In his first interview in a year, Jordan Peterson describes what happened to him in 2019

Back in February, Jordan Peterson’s daughter Mikhaila posted a video on YouTube announcing that her father had nearly died several times while undergoing a rapid detox from benzodiazepine dependency (aka Valium and Xanax) in a Russian clinic. The whole story sounded very strange but she promised at the time that the next update would come from him. Last week it finally did. On Tuesday Mikhaila posted a family update podcast in which she interviews her father for nearly an hour. I’ve only watched the first half of it and all of it has been Peterson explaining how he became dependent on benzodiazepine.

His use of the drug started in 2016 to deal with anxiety. He upped his dose in 2019 when his wife, who’d been scheduled for surgery, was suddenly told she had terminal cancer and wouldn’t live for another year. According to both Petersons, that started several months in which Peterson’s wife was in danger of dying on a near-daily basis and everyone they consulted told them there was little chance that surgery or chemotherapy would help.

Peterson’s wife began to improve but by this point Peterson himself began to experience serious side-effects from the benzodiazepine. Specifically, he says he had a reaction called akathisia.

“The best way I can describe that is that it was like being jabbed with something, with a prod like a cattle prod, something electric or something sharp, non-stop for all the hours I was awake,” Peterson said. “I couldn’t sit or lay down or stop moving and even if I did get up and move it wasn’t like that made it better, I just couldn’t stop doing it,” he added.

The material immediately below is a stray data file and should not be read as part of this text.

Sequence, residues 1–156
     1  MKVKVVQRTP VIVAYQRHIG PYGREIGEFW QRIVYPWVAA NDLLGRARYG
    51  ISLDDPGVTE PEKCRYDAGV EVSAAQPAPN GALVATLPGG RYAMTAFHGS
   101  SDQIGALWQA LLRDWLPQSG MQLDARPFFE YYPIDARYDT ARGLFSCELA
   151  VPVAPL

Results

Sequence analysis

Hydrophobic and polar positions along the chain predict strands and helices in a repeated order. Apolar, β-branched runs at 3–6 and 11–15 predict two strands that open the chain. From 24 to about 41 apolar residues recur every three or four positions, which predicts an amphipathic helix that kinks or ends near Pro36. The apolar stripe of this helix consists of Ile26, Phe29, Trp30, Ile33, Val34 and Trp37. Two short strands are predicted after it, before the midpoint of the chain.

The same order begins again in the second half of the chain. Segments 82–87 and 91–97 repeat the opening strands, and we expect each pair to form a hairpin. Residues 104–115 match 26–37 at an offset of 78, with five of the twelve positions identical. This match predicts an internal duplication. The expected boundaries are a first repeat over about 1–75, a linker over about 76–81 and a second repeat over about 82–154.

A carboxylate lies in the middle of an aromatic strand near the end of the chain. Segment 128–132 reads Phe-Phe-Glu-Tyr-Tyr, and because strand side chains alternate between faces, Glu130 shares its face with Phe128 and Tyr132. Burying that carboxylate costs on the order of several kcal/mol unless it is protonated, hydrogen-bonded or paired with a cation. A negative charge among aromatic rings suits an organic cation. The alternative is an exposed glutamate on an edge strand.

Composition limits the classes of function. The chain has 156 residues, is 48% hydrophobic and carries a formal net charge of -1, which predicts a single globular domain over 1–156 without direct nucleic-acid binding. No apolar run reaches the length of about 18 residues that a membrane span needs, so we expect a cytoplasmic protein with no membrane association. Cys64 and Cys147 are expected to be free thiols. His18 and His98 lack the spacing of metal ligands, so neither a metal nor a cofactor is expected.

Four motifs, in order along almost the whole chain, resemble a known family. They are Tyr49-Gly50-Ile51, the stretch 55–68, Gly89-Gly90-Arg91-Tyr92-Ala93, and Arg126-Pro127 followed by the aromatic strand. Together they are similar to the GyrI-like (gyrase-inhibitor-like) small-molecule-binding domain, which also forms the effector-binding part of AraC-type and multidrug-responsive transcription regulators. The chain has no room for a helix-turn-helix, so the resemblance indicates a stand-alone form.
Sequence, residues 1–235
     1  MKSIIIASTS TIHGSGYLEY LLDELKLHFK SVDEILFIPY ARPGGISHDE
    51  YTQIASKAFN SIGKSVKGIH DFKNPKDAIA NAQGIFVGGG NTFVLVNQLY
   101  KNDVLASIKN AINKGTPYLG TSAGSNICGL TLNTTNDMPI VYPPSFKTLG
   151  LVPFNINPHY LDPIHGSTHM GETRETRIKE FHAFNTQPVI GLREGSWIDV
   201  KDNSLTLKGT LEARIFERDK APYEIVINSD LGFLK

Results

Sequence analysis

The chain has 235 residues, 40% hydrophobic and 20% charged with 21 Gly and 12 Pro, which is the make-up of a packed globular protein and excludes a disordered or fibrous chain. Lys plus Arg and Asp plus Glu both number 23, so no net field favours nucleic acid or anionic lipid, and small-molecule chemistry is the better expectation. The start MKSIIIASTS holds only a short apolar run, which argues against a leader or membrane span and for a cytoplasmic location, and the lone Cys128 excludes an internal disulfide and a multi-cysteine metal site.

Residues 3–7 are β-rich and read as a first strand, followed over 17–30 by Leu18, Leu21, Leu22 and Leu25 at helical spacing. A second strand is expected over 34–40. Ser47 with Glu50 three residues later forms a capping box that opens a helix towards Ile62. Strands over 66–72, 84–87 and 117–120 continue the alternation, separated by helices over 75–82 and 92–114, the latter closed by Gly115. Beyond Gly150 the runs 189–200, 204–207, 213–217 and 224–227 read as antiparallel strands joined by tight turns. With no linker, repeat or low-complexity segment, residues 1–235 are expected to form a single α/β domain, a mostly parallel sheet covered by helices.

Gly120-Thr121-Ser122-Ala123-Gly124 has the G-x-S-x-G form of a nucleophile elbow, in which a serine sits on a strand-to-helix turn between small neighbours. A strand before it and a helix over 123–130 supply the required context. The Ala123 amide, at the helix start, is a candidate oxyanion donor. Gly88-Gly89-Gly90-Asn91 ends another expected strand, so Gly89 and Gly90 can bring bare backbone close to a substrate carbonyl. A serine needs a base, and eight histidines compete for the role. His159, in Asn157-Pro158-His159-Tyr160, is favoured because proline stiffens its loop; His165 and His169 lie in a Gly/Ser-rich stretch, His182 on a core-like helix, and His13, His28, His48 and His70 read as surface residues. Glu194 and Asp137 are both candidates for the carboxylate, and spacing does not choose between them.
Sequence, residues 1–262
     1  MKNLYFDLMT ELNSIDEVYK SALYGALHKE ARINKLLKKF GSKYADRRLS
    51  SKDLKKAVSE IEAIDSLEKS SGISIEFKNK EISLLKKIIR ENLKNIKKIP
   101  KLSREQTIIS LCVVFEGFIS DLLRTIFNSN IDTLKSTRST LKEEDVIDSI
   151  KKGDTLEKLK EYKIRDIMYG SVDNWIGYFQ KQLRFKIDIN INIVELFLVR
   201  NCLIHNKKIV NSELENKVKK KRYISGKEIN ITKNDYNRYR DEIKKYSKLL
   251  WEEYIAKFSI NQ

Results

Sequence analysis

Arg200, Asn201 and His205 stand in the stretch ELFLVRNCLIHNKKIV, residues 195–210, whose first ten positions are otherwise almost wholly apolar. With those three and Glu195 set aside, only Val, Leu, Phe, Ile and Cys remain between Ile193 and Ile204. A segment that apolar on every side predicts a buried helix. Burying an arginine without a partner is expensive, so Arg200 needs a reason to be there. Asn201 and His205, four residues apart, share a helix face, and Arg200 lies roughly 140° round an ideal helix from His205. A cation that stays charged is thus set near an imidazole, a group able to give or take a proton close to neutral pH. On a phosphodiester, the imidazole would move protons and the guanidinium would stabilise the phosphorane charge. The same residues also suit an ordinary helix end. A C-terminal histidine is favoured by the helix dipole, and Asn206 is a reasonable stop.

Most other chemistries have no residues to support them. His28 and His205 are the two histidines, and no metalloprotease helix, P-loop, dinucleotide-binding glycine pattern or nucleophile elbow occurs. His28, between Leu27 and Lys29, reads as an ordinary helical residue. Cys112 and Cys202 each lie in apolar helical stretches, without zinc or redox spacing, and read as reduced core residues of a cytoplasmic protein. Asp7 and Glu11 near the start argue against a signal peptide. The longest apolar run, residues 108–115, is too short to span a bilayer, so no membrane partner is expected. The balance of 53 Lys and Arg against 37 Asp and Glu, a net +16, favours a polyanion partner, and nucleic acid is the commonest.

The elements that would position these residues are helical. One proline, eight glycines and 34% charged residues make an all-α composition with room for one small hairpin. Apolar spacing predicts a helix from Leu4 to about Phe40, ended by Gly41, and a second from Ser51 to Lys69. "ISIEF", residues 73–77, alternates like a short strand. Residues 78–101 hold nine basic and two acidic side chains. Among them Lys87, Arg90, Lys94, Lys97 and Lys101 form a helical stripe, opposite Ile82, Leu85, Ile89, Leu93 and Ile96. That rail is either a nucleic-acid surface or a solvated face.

Peterson did try going to two clinics, one apparently in the U.S. and one in Canada. But Peterson’s condition continued to deteriorate so finally his daughter found a clinic in Moscow which offered to put him under to help him detox. Peterson agreed to that and left the clinic in Toronto against the recommendations of doctors there. When he arrived in Moscow doctors discovered that he’d picked up pneumonia in the Toronto hospital, so in addition to being put on heavy sedation for detox he had to be put on a respirator. It was at this point that a doctor in Moscow told Mikhaila Peterson she had brought her father there to die.

But he didn’t die. When he came out of the detox 9 days later, his akathisia was improved but he didn’t remember agreeing to go to the Russian clinic in the first place and was angry at finding himself there. Even then, he remained delusional for more than a week and describes a waking dream that he’d been kidnapped by someone in Florida. The kidnapper, Peterson believed, planned to kill him as a way to impress his girlfriend. After 9 days of being delusional, he finally recovered some of his senses.

As to why he took the risk to go to the Moscow clinic, Peterson said he was told by one doctor that his akathisia could last up to two years and at that point he thought he couldn’t possibly survive that long feeling the way he did so he was willing to try something desperate.